“Listen,” Summer said, having heard the splashing on the mud before Autumn did. The chicken-like Labor Frame jumped from the bend up ahead and dashed into the Chub, the pilot having not noticed the war machine until it was too late. Autumn opened her arms, assuming combat stance. Only then did the fugitive realized what was happening. Showing surprising talent, he deftly slowed down, before halting just a few meters in front of Bunbun.

“Stop right there!” Autumn yelled, hoping the Labor Frame's sensors would catch her voice. “In the name of Nadavi's Legionnaires and the Martian Foreign Legion, you are under arrest.”

For a second she couldn't really know what would happen. Then the Labor Frame seemed to shiver, as if moved by the same apprehension that was taking hold of the pilot. The external speakers burst to life.

“You're just children!” said a mechanically distorted male voice. “Get out of the way!”

“Children!” Summer cried out, vexed by his words. “We are the daughters of Colonel Nadavi himself! Obey at once!”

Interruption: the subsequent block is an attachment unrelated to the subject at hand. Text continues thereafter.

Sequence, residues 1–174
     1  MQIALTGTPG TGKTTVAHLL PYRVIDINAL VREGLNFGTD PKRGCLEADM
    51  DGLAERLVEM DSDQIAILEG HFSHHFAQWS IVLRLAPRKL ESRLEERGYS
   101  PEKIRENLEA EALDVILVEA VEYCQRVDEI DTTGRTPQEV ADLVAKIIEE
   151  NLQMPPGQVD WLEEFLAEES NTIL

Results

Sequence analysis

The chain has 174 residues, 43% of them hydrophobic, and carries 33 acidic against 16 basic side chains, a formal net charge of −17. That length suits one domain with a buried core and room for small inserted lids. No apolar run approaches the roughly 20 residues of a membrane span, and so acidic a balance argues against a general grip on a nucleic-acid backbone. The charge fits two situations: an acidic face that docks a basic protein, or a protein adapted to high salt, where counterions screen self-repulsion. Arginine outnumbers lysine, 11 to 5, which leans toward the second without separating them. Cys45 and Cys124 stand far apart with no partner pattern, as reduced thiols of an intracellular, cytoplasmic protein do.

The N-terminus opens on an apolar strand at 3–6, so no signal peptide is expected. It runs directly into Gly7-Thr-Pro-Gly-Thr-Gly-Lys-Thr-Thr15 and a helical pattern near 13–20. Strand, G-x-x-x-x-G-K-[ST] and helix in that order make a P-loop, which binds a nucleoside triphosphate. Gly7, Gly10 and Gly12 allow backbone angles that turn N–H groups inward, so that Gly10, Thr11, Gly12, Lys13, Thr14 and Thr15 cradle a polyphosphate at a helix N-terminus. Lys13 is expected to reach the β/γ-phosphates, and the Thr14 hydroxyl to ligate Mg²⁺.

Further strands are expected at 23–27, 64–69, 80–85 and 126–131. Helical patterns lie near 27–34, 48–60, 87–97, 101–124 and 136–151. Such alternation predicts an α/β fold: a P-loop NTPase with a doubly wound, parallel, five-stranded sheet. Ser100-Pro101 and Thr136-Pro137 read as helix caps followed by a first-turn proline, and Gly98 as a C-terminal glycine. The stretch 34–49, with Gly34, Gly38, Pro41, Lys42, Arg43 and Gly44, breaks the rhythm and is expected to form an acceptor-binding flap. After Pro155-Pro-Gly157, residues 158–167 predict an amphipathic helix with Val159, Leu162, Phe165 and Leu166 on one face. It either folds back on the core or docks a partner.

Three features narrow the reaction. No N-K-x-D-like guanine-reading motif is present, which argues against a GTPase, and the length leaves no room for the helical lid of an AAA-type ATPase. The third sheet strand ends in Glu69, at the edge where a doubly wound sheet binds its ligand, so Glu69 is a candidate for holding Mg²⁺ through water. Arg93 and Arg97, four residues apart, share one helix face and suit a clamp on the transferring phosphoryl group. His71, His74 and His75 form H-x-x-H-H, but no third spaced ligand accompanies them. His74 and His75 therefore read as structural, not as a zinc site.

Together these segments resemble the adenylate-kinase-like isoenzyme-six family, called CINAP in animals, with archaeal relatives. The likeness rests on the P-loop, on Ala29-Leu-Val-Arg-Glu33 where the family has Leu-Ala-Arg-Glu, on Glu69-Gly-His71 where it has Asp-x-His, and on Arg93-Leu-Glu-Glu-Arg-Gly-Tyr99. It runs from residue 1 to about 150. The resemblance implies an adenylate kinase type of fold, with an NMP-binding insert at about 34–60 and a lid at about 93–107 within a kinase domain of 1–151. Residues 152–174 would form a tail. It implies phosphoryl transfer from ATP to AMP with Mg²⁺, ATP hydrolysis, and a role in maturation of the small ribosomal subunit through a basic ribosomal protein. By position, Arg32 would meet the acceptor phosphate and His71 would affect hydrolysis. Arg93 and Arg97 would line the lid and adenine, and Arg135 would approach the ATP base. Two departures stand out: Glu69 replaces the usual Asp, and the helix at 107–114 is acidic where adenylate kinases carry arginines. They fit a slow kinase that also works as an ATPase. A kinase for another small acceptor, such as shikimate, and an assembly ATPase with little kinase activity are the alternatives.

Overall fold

Although she shared her pride on their heritage, Autumn couldn't help but think that that had been but a poor choice of words. The man's reply only confirmed her fears.

“What? You Solar Union scum think you can tell me what to do? This is an independent world, you bastards!”

Things were getting out of hand. Autumn decided to intervene again.

“Look, we don't need to escalate this any further. You were being pursued by the Royal Guard, so you clearly did something. Surrender now and no harm will come to you.”

“Enough of this!” The Labor Frame lurched forward all of a sudden, taking one hand of the crate it was holding and making it descend in an arc over the Chub's open hatch. Summer screamed as she saw the big metal arm coming crashing down on her, but Autumn was quicker, blocking the attack with Bunbun's left forearm. Using her machine's superior strength, she shoved the offending limb aside and stepped forward, making her other fist come crashing down on the egg-shaped hull of the Labor Frame, smashing metal and opening cracks all over the fragile plating.